2. I have to agree that BMI readings can be very misleading. I can still remember a program that I watched in high school profiling a man whose BMI rating was 'obese', but who regularly ran marathons and was in excellent shape.

    I would also like to point out that girls who are "skinny" can still have curves. You would probably look at me and immediately say that I'm the type who could use a meal (but I really do eat three a day), but I still have curves. Maybe I'll post a picture on my blog sometime.

  3. Oh FD,

    Yuor hitting me where it hurts with this post! While I am 'sized' well enough, I've been cheating by not going to the gym to stay fit. I told myself I was to go Monday and uh well with (insert excuse here) I've not gone. Just like my recently (albeit barely embraced) smoking habit I've quit, (in that 'one more won't matter') exercise holds the inverse promise of 'I'll go tomorrow - for sure'. In that regard your post is reminding me that it is the day, not the promise of the next, that matters. So tomorrow I'll... just kidding : ) !! Wear your wool on the court and have fun! BTW does shoveling count as my exercise? Hugs, KayLynn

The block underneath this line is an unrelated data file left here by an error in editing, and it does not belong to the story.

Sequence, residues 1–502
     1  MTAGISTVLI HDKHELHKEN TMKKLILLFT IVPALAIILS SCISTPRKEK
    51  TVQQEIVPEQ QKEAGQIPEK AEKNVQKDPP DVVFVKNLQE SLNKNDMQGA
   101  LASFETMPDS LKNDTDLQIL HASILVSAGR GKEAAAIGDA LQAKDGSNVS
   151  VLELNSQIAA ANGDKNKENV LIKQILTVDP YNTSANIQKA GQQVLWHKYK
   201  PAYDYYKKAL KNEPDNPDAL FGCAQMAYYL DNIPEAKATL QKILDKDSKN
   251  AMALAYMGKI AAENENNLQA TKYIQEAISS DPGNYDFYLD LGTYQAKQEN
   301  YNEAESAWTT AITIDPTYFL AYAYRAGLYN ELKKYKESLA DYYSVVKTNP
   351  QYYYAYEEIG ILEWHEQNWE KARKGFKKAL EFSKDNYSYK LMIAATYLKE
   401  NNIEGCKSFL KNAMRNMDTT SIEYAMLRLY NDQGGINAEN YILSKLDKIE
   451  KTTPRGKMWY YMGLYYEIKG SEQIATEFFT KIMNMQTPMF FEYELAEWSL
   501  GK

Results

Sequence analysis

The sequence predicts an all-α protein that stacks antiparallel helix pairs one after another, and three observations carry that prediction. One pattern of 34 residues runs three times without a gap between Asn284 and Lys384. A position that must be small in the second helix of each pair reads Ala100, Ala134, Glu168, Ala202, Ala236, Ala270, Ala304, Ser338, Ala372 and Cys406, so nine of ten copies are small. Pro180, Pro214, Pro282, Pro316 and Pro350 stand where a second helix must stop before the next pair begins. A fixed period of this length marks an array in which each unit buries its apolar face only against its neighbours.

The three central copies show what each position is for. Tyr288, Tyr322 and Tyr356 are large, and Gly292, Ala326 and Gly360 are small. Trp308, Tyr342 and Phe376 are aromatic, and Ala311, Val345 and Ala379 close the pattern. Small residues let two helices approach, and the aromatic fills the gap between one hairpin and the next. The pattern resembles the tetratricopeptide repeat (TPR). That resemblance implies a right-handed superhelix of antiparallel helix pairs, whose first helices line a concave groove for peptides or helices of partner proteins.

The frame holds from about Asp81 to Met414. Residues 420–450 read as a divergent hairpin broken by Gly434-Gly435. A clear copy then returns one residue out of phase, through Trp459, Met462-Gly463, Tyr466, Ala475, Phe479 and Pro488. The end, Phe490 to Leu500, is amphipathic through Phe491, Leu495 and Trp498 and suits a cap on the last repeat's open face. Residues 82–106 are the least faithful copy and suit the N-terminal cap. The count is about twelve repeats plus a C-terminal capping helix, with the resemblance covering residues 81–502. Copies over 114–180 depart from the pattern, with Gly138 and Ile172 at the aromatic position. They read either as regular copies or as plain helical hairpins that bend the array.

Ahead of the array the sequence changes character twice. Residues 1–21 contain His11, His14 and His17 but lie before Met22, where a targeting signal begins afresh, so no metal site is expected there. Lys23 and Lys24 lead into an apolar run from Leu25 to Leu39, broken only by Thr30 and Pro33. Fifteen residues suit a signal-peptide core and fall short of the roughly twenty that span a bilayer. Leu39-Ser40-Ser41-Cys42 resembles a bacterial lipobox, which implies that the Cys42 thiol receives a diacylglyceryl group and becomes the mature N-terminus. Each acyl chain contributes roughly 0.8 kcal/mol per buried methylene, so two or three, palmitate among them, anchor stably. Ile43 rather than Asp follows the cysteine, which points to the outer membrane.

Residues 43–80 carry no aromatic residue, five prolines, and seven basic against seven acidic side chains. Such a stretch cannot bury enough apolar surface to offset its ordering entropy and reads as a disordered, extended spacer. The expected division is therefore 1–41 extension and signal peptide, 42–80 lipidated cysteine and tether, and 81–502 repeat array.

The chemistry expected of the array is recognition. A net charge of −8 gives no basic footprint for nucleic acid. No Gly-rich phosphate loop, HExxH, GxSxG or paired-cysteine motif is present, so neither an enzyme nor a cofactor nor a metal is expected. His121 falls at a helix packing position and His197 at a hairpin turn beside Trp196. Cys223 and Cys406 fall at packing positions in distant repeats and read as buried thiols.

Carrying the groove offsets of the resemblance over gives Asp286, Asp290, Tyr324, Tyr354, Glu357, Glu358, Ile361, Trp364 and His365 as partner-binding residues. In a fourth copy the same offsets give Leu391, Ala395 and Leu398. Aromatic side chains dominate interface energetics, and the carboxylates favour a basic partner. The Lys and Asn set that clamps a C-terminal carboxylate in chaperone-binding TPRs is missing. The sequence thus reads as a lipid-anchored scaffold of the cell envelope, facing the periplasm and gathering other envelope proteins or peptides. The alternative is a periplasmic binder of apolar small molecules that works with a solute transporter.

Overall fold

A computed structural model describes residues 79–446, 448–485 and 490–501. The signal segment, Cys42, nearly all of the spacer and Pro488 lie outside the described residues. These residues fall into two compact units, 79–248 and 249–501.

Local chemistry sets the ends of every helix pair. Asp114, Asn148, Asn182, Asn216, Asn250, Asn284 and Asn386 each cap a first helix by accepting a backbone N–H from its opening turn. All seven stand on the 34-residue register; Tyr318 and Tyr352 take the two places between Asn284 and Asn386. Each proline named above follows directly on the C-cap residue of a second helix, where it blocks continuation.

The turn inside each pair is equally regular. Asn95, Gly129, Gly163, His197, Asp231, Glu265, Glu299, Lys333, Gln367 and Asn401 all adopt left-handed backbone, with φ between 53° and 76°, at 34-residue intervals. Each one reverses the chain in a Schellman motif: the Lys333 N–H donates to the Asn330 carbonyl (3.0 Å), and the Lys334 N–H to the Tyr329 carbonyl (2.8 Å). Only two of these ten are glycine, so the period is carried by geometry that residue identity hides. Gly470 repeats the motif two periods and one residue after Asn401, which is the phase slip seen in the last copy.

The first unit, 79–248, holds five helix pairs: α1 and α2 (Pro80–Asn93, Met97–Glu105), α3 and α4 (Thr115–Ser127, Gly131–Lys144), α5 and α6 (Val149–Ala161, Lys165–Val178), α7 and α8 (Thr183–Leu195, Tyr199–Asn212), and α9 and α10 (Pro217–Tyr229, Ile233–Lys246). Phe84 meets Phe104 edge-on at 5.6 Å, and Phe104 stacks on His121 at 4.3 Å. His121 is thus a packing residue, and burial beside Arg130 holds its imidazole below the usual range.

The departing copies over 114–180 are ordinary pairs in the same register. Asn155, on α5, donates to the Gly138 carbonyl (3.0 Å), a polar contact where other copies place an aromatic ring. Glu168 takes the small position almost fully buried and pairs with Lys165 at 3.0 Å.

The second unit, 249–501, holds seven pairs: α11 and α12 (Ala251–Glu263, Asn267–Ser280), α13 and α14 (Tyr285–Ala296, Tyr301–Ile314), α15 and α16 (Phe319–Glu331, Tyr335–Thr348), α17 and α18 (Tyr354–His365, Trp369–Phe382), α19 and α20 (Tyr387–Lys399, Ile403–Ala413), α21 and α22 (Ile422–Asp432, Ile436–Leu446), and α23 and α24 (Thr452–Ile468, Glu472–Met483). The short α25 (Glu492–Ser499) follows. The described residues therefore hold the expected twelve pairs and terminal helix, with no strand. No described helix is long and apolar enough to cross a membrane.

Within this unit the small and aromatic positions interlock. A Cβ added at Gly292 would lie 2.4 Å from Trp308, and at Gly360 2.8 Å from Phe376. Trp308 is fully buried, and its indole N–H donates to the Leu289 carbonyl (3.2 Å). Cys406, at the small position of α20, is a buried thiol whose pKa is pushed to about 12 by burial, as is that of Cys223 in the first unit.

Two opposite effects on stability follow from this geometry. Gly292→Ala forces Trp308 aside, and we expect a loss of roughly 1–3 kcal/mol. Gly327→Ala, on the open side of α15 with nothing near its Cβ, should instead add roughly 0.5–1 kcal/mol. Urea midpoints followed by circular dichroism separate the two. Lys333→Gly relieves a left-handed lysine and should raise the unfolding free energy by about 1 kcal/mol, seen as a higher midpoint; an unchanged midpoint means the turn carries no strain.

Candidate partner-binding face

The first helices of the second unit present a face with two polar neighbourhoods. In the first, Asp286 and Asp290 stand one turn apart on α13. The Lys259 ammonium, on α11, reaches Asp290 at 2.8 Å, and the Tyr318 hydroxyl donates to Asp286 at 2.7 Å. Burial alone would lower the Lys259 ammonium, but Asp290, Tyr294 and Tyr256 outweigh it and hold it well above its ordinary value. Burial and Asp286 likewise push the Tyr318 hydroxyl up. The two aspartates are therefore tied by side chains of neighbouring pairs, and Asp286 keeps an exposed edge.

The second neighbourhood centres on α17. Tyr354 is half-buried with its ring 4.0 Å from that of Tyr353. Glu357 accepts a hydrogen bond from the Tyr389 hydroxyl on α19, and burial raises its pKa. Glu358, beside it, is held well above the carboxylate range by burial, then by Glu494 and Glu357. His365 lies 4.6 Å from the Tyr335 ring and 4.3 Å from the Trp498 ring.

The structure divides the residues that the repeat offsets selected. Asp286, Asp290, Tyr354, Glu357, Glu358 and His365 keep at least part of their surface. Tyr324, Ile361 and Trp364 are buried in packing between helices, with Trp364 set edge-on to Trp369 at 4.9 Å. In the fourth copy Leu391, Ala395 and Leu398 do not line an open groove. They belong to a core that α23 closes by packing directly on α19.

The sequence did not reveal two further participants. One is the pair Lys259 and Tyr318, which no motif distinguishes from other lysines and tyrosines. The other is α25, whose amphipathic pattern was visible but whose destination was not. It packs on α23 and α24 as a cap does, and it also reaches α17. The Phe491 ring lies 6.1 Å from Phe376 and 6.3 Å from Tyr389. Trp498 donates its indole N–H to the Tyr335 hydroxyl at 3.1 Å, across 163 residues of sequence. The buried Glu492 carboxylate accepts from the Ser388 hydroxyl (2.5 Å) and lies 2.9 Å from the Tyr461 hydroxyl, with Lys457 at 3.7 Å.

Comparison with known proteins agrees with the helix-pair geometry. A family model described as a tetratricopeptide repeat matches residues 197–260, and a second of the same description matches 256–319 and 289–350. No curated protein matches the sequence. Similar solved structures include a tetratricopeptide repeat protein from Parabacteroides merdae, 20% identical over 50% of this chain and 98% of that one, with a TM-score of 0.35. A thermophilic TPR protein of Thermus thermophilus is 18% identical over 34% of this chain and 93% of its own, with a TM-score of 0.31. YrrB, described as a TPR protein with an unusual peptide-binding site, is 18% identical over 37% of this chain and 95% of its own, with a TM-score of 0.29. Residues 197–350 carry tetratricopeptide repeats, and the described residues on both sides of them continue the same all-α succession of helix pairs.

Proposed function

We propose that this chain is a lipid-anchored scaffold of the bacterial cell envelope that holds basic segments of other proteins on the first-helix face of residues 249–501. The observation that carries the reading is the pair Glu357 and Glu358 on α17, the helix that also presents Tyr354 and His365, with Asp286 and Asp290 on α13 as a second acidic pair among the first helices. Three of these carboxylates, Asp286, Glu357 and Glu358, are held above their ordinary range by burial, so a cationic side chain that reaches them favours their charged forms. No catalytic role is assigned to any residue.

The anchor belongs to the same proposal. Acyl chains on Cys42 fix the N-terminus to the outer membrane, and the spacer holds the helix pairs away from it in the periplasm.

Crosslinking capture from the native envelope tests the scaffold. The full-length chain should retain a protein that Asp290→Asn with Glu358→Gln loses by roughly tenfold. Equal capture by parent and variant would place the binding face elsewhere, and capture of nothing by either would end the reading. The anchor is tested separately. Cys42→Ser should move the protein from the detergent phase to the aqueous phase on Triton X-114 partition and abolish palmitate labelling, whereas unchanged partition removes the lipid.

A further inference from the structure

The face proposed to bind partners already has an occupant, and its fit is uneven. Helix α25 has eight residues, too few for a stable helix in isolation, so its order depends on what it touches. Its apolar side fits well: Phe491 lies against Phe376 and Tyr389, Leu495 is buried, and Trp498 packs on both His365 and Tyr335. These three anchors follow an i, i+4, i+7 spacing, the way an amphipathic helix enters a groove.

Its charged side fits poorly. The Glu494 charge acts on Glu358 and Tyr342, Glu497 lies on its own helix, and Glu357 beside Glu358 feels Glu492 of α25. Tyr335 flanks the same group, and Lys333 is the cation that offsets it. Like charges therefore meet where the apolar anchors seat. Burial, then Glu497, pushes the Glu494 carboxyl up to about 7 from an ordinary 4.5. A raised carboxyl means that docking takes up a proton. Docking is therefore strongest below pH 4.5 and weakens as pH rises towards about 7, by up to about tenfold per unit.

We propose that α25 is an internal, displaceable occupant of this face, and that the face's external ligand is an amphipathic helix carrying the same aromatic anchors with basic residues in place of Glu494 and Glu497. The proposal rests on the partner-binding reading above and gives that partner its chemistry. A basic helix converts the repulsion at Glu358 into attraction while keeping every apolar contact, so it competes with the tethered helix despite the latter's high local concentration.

4. As the new year starts, and so many make their resolutions, this seems a timely posting. After an enlightening conversation with HWMBA last year, I finally threw away my scales. When I eat properly, and exercise moderately, I feel fit and well....when I don't, I don't.... regardless of what the numbers on the scales say. So, I've agreed to monitor how I feel, not what I weigh. There's an incredible amount of freedom in that after a lifetime of being a slave to the scales!

    love and hugs xxx

  5. I found it interesting and it made me rethink my weight loss goals.